In Response to a Defense of the Doctrine of the Trinity

I find it difficult to understand why so many thinkers accept as true the classical Christian doctrine of the trinity, according to which there are the three divine persons, the Father, the Son, and the Holy Spirit, all three being really identical with the one God but really distinct from each other; that it is quite simply impossible for me to accept the doctrine is the primary, though not the only, reason why I cannot return to the Roman Catholic faith I knew in my childhood and to which, at times, I wish I could return.

I published several posts on the topic a year-and-half or so ago, listed below* in order of importance, from the more to the less important as I see it. In today’s post I find myself returning to the subject, writing in response to “Trinity notes,” James Chastek’s November 2, 2015, brief post to his blog Just Thomism, a blog which I much enjoy reading and along with which I much enjoy thinking. In the post, one can read:

God is a self, the trinity is not a self, so God is not a trinity. This is a paralogism arising from an opposition between self and nature that is only true of creatures. When we say “God is a self” we mean the nature truly subsists just as Aristotle believes the individual truly subsists (though Plato disagrees with him). 

There are two claims being made here that I cannot accept. The one and clearly stated claim is that the argument given in the first sentence is a paralogism, i.e., an apparently valid but actually fallacious or invalid argument. The other, not as clearly stated, is that the elimination of the “opposition between self and nature that is only true of creatures” provides a way of avoiding the conclusion that God is not a trinity.

I. First, then, the claim that the argument given in the first sentence is a paralogism: it is not, if its formulation is suitably revised. Rather, it is valid. So, I will introduce four friendly amendments to the argument the effect of which will be that its validity will become obvious.

The first amendment is that of arranging the argument in the more traditional format of the categorical syllogism, thus:

God is a self.

The trinity is not a self.

So God is not a trinity.

The second amendment is that of re-arranging the order of the premises with the aim of rendering its validity perhaps more obvious:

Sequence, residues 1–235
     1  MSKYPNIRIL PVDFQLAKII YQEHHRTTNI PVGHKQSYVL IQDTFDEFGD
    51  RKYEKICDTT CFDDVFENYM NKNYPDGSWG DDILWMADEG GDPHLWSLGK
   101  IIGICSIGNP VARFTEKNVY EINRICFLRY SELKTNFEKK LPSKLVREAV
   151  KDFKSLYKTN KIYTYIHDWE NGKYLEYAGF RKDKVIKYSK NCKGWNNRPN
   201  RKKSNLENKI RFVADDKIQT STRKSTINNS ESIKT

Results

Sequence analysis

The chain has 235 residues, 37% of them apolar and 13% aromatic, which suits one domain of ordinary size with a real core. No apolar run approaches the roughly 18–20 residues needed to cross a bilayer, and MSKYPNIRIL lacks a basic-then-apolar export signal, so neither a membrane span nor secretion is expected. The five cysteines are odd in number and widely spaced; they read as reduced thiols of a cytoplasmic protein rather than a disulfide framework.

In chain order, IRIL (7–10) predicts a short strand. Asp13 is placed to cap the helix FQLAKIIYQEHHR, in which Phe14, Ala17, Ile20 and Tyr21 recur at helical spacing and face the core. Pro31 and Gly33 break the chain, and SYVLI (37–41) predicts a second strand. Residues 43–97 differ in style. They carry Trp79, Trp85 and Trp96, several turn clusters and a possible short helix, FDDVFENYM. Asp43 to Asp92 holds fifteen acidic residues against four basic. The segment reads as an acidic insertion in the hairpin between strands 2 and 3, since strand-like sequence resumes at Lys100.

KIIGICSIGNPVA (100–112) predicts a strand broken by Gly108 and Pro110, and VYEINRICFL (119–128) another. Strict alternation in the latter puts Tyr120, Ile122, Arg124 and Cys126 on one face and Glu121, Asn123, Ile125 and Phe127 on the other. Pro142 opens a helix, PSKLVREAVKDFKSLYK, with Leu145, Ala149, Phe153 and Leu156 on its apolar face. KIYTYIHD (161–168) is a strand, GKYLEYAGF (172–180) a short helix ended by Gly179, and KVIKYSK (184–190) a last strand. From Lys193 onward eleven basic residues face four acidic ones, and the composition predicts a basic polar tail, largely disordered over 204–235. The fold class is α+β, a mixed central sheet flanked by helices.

The trinity is not a self.

God is a self.

So God is not a trinity.

The third of the friendly amendments is that of substituting, for the argument’s major premise,

The trinity is not a self.

the logically equivalent proposition,

No self is the trinity.

The argument thus reads:

No self is the trinity.

God is a self.

So God is not a trinity.

The fourth of the friendly amendments is that of substituting a definite article for the indefinite article of the predicate term of the conclusion so that it, the predicate term of the conclusion, matches the predicate term of the major premise, thus:

No self is the trinity.

God is a self.

So God is not the trinity.

The conclusion of the argument as thus rendered is the direct contradiction of the thesis which, I presume, Chastek sees himself defending, the thesis that God is the trinity, i.e., that the one god is the trinity of three distinct persons. But the argument is clearly valid; moreover, since presumably Chastek would hold the premises to be true, he would have to hold the argument to be sound.

II. Now, then, to the claim, not as outrightly stated, that the elimination of the “opposition between self and nature that is only true of creatures” provides a way of avoiding the conclusion that God is not a trinity. I take it, that is, that Chastek believes that the changes in the argument introduced by the understanding that the proposition:

God is a self.

“means” or is equivalent to the proposition:

The nature truly subsists. 

will provide us with an argument that does not lead to the unwanted conclusion.

The changes thus introduced do not have the desired result. But to see this we have to transpose the proposition, “The nature truly subsists,” into a form suitable for serving as a premise of the argument in the making. The following seems to me appropriate:

The nature (that God is) is a subsistent being.

I assume my expansion of Chastek’s “The nature” to “The nature (that God is)” is warranted by his identification of God as “the nature said of many” in a statement appearing a bit later in his post:

Unlike creatures, both the God (the nature said of many) and the persons (F, HS, S) really exist.

So we have one premise. The other premise then becomes:

The trinity is not a subsistent being.

The argument, then, is:

The nature (that God is) is a subsistent being.

The trinity is not a subsistent being.

So the nature (that God is) is not a trinity.

Revising this argument with revisions parallel to the four made above to Chastek’s original argument, we find ourselves with:

No subsistent being is the trinity.

The nature (that God is) is a subsistent being.

So the nature (that God is) is not the trinity.

The good news, for Chastek, is that there is no paralogism here. The bad news, of course, is that the conclusion remains that:

The nature (that God is) is not the trinity.

or, using the earlier terminology,

God is not the trinity.

Until next time.

Richard

* See:

The Inconsistency of the Doctrine of (the Distinction of Divine Persons and so That of) the Trinity with Monotheism

Garrigou-Lagrange on Trinity and Triple Identity

Dale Tuggy’s Podcasts on the Trinity. The Athanasian Creed

About Rchard E. Hennessey

See above, "About the Author/Editor."
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